Flying for the holidays? There are ways to save

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Posted: Tuesday, October 22, 2013 12:00 am

Planes are more crowded and fees seem to keep rising, but travel experts say ticket prices aren't shooting up this year, and with a little planning, you can fly affordably this holiday season.

“Our data shows ticket prices for Thanksgiving up about 1 percent compared to last year, which is less than inflation,” Rick Seaney, CEO of FareCompare.com, wrote in an email.

But cheaper air travel might mean taking flights at odd times or off-peak days, and even choosing flights to and from outlying cities instead of your final destination.

Don't bank on getting a guaranteed overhead bin. While planes are usually full around Thanksgiving and Christmas, federal data show how dramatically “load factors” — the percentage of seats full — have grown in recent years as carriers keep a lid on capacity.

In 2003, for example, domestic US Airways flights originating from Charlotte, N.C., were 71 percent full in November and 70 percent full in December. Last year, US Airways planes from Charlotte were 87 percent and 86 percent full in November and December, respectively.

Here's advice from two airfare experts on how to fly affordably:

Airlines price every seat as a function of supply and demand, and there's a lot less demand on some days than others. For example, most people want to leave Wednesday night before Thanksgiving and fly home the Sunday after, making these the most expensive days to fly.

If you're willing to give up some family time, flying on Thanksgiving Day and returning Saturday, you can possibly save hundreds of dollars. If you can tolerate a longer dose of your family and fly on the Monday before Thanksgiving with a return trip the Tuesday after, you also can save big.

“Usually Tuesday, Wednesday and Saturday are the cheapest days to travel,” said George Hobica, founder of AirfareWatchdog.com.

“Everybody suggests that, but people forget,” Hobica said of the old trick of flying from a nearby, smaller airport instead of a closer hub.

“The main advice is to look constantly,” Hobica said.

He tells people to keep windows open on their browser and hit “refresh” often throughout the day to see whether the price of a flight changes.

Undeclared sales can last for only a few hours on each route. One seat at a lower fare class could open up because of a canceled reservation.

Hobica also advises people to look on the airlines' websites, not just flight aggregators such as Kayak and Orbitz. Some airlines, such as Southwest, offer bookings only on their own sites. And an airline's website will always have the most up-to-date information, Hobica said, because the travel websites have to crawl the airline's websites to get their data.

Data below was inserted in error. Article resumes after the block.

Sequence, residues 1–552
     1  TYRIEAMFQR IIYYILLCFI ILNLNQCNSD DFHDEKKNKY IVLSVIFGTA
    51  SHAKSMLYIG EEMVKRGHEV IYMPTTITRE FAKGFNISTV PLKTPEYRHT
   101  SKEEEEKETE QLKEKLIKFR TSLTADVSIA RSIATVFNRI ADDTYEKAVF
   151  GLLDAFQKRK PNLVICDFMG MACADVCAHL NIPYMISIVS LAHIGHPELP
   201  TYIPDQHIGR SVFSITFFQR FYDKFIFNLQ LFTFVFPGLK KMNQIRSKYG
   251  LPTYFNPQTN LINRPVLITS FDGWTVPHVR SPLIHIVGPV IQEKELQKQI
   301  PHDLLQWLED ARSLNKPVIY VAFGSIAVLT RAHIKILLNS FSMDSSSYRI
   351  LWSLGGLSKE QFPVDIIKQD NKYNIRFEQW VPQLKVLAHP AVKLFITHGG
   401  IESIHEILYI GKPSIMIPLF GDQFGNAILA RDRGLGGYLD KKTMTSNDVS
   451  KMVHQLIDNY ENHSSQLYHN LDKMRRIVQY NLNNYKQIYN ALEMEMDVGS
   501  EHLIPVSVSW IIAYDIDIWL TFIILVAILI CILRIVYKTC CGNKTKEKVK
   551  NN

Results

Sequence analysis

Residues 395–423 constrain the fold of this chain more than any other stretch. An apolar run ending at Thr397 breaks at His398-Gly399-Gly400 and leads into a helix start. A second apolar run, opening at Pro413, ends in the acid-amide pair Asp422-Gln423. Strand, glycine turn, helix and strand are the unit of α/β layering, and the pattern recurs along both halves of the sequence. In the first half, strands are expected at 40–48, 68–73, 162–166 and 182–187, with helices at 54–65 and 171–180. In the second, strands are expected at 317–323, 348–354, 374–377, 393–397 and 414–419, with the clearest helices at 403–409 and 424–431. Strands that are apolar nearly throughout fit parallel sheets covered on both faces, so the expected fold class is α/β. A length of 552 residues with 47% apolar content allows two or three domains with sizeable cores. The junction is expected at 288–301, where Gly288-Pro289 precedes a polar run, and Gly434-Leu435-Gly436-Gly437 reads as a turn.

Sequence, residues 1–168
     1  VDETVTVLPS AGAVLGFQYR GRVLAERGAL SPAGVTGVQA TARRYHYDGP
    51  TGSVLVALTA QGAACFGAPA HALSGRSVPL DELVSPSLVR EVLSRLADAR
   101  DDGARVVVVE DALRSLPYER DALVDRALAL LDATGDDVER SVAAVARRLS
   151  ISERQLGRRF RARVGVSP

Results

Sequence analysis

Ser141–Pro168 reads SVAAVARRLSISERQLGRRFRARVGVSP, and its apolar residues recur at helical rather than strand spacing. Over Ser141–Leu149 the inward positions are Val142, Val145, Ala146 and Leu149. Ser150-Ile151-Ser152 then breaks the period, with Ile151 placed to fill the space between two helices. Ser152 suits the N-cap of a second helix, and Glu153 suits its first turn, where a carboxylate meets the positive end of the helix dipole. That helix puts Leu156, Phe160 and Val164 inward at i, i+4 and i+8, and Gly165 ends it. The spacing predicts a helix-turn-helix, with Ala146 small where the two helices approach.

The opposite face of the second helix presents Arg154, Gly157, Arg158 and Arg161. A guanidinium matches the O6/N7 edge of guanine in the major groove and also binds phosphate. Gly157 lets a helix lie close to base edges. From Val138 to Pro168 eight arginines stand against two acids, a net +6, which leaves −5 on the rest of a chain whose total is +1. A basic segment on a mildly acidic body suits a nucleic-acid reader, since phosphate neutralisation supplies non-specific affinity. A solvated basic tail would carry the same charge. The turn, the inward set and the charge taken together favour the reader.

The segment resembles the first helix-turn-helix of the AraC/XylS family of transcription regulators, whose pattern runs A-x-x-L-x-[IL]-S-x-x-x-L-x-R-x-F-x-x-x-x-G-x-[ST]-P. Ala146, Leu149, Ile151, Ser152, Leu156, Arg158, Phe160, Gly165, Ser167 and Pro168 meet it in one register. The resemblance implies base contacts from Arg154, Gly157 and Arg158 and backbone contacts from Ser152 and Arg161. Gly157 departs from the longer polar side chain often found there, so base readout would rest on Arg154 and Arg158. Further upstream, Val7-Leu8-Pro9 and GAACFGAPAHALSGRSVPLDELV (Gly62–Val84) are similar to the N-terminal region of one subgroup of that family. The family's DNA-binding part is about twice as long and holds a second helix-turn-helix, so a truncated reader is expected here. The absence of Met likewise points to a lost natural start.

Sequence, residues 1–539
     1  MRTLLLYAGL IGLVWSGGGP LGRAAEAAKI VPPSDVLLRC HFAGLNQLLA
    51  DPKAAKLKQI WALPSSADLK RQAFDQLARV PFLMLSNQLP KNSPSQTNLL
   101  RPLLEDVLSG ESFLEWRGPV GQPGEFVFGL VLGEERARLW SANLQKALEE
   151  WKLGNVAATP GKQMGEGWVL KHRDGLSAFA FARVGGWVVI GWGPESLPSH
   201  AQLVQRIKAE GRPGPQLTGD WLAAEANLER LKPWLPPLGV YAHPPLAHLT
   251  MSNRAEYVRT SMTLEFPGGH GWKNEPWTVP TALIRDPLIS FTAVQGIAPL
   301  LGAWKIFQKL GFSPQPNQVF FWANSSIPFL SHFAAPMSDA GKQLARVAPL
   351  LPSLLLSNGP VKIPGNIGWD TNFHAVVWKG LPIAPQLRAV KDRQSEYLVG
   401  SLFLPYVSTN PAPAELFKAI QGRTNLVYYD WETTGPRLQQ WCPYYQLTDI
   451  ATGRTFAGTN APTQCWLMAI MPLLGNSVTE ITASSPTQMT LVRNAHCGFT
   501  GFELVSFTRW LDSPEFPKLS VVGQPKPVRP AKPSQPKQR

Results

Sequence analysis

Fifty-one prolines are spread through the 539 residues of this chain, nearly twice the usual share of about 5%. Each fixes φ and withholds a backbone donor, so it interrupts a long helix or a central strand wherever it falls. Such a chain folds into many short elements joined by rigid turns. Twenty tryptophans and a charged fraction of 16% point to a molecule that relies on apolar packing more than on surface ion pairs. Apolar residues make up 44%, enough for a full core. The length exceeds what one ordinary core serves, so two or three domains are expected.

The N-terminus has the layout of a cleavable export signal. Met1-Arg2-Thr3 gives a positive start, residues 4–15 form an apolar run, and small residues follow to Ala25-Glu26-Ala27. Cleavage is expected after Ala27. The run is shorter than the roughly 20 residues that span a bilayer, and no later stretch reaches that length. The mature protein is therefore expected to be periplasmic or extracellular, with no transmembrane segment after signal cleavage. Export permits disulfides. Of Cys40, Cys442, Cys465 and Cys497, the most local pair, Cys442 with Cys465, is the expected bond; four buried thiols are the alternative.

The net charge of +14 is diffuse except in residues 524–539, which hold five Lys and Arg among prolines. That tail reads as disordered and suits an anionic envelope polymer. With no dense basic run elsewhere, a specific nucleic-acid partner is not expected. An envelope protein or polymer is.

There's no perfect time to book before a flight, Hobica said.

“To presume there's a magic time, like 60 days ahead, that's ridiculous,” he said.

If you spot a deal — or even what you think is a reasonable fare — book it fast, Hobica said. You're not likely to get anything better by holding out, and you could lose your seat.

“If you look on Kayak and you see United is charging $300 and everyone else is charging $500, I'd definitely book,” Hobica said. “If you see something that looks good or reasonable, I wouldn't hesitate to buy it.”

Seaney said you can figure on adding $5 to the price of your flight for each day you wait to book between now and November.

On the other hand, if every flight you can find is too expensive for you to afford — or if the prices are so high you're considering driving instead — don't give up. Instead, consider waiting a bit, Hobica said.

“Sometimes, two weeks before the holidays the airlines relent and lower fares,” he said. “If you simply couldn't afford an $800 fare, you have nothing to lose if you wait and look a couple weeks before.

“That said, you'll be leaving on the 6 a.m. flight.”

Airline pricing is a phenomenally complicated business, with millions of seats priced and repriced constantly based on availability, demand and competition.

“They're changing constantly,” Hobica said of airfares, which might be parceled out in 20 price classes for different blocks of seats on every plane. “They adjust the number of seats available in all fare classes throughout the day.”

In the end, Hobica said, there's no way to game the system. The best advice he has is dogged persistence.

“There's no magic bullet,” Hobica said. “You can't second-guess these people.”

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